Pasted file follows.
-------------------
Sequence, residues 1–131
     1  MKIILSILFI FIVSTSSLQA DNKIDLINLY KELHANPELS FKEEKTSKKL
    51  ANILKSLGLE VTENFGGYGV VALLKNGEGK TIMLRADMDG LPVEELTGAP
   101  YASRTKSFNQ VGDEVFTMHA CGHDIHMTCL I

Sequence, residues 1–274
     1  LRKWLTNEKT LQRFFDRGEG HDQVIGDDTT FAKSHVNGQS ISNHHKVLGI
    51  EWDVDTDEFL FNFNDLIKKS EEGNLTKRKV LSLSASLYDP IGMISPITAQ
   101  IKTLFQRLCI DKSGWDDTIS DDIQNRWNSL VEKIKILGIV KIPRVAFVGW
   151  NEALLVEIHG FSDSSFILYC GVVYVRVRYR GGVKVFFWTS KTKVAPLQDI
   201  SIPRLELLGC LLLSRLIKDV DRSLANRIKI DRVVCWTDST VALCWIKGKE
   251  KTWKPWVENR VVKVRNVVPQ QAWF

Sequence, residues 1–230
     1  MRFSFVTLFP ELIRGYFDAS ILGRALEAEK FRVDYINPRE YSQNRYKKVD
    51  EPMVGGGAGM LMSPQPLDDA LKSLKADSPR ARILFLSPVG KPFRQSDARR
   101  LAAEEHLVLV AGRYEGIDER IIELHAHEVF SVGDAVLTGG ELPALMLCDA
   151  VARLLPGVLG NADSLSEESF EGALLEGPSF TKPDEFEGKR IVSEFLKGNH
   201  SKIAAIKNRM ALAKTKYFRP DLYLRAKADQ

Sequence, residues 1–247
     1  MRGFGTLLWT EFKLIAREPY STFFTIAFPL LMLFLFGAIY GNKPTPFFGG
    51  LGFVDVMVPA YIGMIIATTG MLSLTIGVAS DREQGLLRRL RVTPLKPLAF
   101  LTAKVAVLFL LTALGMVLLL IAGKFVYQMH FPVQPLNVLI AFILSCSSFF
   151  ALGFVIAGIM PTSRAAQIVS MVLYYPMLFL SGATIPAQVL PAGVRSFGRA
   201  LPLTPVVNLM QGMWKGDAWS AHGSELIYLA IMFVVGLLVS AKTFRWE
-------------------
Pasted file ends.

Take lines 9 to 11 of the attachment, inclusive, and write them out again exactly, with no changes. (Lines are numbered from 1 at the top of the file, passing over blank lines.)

   151  NEALLVEIHG FSDSSFILYC GVVYVRVRYR GGVKVFFWTS KTKVAPLQDI
   201  SIPRLELLGC LLLSRLIKDV DRSLANRIKI DRVVCWTDST VALCWIKGKE
   251  KTWKPWVENR VVKVRNVVPQ QAWF